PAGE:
There are several barriers to the expansion of the ART programme. Most critical is the lack of infrastructure and shortage of trained health workers in many public health facilities, which makes it difficult to devolve the provision of ART to the primary care level. It is also likely that a large proportion of individuals who are eligible for ART are either not aware of their HIV status or have not received a recent CD4 assessment. Stigma and confusion regarding the effectiveness of ART are likely to result in individuals avoiding diagnosis and treatment.
Strengths and limitations of the data

 Antiretroviral coverage in South Africa is difficult to estimate because private sector data are very limited. A strength of this analysis is that it draws on previously unpublished data from disease management programmes and non-governmental organisations that are involved in the provision of antiretroviral treatment.
 

There is however substantial uncertainty regarding the accuracy of provincial estimates. Data on the provincial distribution of treatment in the private sector are out of date, with the most recent data relating to 2003. There appear to be anomalies in the public health sector data published by the Department of Health. There is also substantial uncertainty around the ASSA2003 estimates of the annual numbers of adults progressing to AIDS in each province (the denominator in the calculation of antiretroviral treatment coverage). Caution is therefore required when analysing the relative levels of antiretroviral coverage in the different provinces.
 
A further limitation is that the ASSA2003 model estimates the number of new AIDS cases rather than the number of individuals who are newly eligible for antiretroviral treatment. The latter includes individuals whose CD4+ counts have dropped below the threshold of 200/μl, while the former does not. This is likely to result in some under-estimation of treatment need – and because of the under-estimation of the denominator, there is likely to be over-estimation of adult antiretroviral treatment coverage.
 
It is unfortunately not possible to analyse antiretroviral coverage at a district level, since numbers of patients on antiretroviral treatment are not published at a district level, either for the public sector or the private sector. In addition, the ASSA2003 model that is used in the denominator of the antiretroviral coverage calculation has not been applied at a district level.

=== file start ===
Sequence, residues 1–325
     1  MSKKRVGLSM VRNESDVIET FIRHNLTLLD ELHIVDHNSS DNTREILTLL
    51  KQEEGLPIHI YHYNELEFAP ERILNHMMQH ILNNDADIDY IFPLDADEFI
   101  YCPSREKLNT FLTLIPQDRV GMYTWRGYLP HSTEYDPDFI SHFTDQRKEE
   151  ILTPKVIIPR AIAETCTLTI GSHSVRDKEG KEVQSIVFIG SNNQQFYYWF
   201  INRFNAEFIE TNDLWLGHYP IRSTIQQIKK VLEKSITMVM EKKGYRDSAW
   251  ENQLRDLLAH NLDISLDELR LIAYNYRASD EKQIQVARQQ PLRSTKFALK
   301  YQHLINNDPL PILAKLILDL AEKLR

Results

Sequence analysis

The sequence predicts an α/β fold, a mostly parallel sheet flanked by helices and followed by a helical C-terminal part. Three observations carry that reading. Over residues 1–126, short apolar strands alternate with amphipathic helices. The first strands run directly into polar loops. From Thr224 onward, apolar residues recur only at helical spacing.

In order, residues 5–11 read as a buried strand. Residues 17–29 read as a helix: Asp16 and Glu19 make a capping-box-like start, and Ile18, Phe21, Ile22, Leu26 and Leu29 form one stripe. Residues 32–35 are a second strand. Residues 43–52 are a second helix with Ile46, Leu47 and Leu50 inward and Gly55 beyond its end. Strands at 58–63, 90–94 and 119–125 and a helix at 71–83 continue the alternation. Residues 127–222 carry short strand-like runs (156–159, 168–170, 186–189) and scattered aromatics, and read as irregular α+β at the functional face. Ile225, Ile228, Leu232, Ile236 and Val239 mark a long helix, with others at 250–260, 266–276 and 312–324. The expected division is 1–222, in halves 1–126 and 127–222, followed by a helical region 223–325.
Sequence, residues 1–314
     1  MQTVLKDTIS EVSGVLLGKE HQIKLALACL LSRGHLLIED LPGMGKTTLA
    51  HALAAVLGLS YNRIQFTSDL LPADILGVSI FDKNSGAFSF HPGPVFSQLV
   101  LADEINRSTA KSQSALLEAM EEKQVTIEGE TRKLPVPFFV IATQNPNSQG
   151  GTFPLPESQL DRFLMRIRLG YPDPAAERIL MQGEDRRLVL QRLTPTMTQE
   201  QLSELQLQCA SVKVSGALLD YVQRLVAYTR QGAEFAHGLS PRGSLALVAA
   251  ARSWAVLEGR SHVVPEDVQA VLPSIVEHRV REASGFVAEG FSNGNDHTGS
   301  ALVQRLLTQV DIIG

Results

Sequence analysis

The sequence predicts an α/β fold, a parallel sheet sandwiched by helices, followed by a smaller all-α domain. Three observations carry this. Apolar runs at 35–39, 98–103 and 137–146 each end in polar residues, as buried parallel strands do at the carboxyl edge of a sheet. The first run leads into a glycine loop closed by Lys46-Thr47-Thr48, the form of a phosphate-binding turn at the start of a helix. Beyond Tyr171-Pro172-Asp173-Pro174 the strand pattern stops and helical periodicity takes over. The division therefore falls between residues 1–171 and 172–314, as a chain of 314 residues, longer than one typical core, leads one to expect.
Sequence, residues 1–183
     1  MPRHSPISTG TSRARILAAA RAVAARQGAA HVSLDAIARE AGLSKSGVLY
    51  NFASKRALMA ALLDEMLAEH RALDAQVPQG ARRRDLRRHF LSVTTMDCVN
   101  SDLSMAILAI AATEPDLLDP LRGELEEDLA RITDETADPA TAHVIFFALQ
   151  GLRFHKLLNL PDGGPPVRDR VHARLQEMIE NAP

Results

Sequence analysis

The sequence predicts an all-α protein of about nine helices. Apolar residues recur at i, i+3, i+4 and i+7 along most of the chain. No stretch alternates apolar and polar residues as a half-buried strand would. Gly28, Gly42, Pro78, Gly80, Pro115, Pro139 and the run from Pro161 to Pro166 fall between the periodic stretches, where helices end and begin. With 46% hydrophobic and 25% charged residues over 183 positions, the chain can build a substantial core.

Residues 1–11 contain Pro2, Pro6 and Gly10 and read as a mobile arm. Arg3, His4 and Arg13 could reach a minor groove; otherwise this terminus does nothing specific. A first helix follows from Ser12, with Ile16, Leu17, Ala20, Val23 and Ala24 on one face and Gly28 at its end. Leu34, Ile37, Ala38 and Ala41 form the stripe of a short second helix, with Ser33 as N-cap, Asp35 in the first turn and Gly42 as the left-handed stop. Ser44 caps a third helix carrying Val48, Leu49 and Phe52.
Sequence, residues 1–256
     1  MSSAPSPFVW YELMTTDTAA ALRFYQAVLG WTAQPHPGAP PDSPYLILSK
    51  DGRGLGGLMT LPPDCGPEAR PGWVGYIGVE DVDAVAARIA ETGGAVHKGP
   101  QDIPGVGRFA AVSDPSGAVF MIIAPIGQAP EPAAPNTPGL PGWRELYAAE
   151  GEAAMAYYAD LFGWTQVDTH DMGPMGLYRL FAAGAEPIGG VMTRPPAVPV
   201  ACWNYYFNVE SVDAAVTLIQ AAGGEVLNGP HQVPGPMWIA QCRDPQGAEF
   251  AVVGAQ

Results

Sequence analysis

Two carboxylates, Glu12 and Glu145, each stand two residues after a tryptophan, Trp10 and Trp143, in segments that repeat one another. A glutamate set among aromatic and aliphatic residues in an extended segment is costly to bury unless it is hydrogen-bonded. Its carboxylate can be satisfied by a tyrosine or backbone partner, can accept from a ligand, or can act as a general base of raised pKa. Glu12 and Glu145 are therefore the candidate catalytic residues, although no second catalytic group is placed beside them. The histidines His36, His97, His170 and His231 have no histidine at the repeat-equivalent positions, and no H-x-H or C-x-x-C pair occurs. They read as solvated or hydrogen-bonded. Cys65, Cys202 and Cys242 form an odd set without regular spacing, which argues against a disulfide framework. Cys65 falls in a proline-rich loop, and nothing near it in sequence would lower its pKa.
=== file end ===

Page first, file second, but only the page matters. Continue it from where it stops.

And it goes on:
Technical notes
The method used to calculate the antiretroviral treatment coverage in adults differs from that used by UNAIDS and the WHO.3  While this Children Count – Abantwana Babalulekile indicator is a measure of the proportion of newly eligible individuals who start antiretroviral treatment, over a period of time, the UNAIDS/WHO indicator is a measure of the proportion of eligible individuals who are receiving antiretroviral treatment at a point in time. In our calculation, the numerator is the number of adults (aged 15 years up) initiating antiretroviral treatment in a particular year.  This is estimated from data on numbers of patients receiving antiretroviral treatment in the public health sector4 and data collected from private sector disease management programmes, and programmes run by non-governmental organisations5. The rationale for using this method is that it provides a better indicator of recent programme performance than the UNAIDS/WHO definition, which is an indicator of past programme performance.

The Department of Health data collection system defines children as 0 – 14 year olds. All people over 15 are classified as adults. Adult data is only disaggregated in 5 year age-bands, which makes it impossible to report in this indicator on adults as defined in the South African constitution (over the age of 18).

The denominator is the number of new adult AIDS cases over the same year, as estimated by the ASSA2003 AIDS and Demographic model.6 In the ASSA2003 model, antiretroviral treatment is assumed to start at the time of the first AIDS-defining illness, and the calculation of the number of new adult AIDS cases in a particular period is therefore unaffected by the level of antiretroviral provision. Since the ASSA2003 model estimates of annual numbers of new AIDS cases are published over intervals from mid-year to mid-year, the rates of adult antiretroviral coverage are calculated for the same periods.
References
1 Department of Health (2003) Operational plan for comprehensive HIV and AIDS care, management and treatment for South Africa. Pretoria: DoH. Available: http://www.info.gov.za/issues/hiv/aidsqa19nov03.pdf

2 South African National AIDS Council (2010) The South African antiretroviral treatment guidelines 2010. Pretoria: Department of Health.

3 Boerma JT, Stanecki KA, Newell MI, Luo C, Beusenberg M, Garnett GP, Little K, Calleja JG, Crowley S, Yong Kim, J, Zaniewski E, Walker N, Stover J & Gys PD (2006) Monitoring the scale-up of antiretroviral therapy programmes: methods to estimate coverage. Bulletin of the World Health Organization, 84(2): 145-150;
UNAIDS (2008) 2008 Report on the global AIDS epidemic. Available: http://www.unaids.org/en/KnowledgeCentre/HIVData/GlobalReport/2008/2008_Global_report.asp

4 Department of Health (2008) National Comprehensive HIV and AIDS plan statistics. Pretoria: DoH. [Unpublished].
 
5 Johnson LF & McLeod HD (2007) Steady growth in antiretroviral treatment provision by disease management and community treatment programmes. South African Medical Journal. 97(5): 358-359.

6 Dorrington RE, Johnson LF, Bradshaw D & Daniel T (2006) The Demographic Impact of HIV/AIDS in South Africa. National and Provincial Indicators for 2006. Rondebosch: Centre for Actuarial Research (UCT), South African Medical Research Council and Actuarial Society of South Africa. Available: http://www.commerce.uct.ac.za/Research_Units/CARE/RESEARCH/PAPERS/ASSA2003Indicators.pdf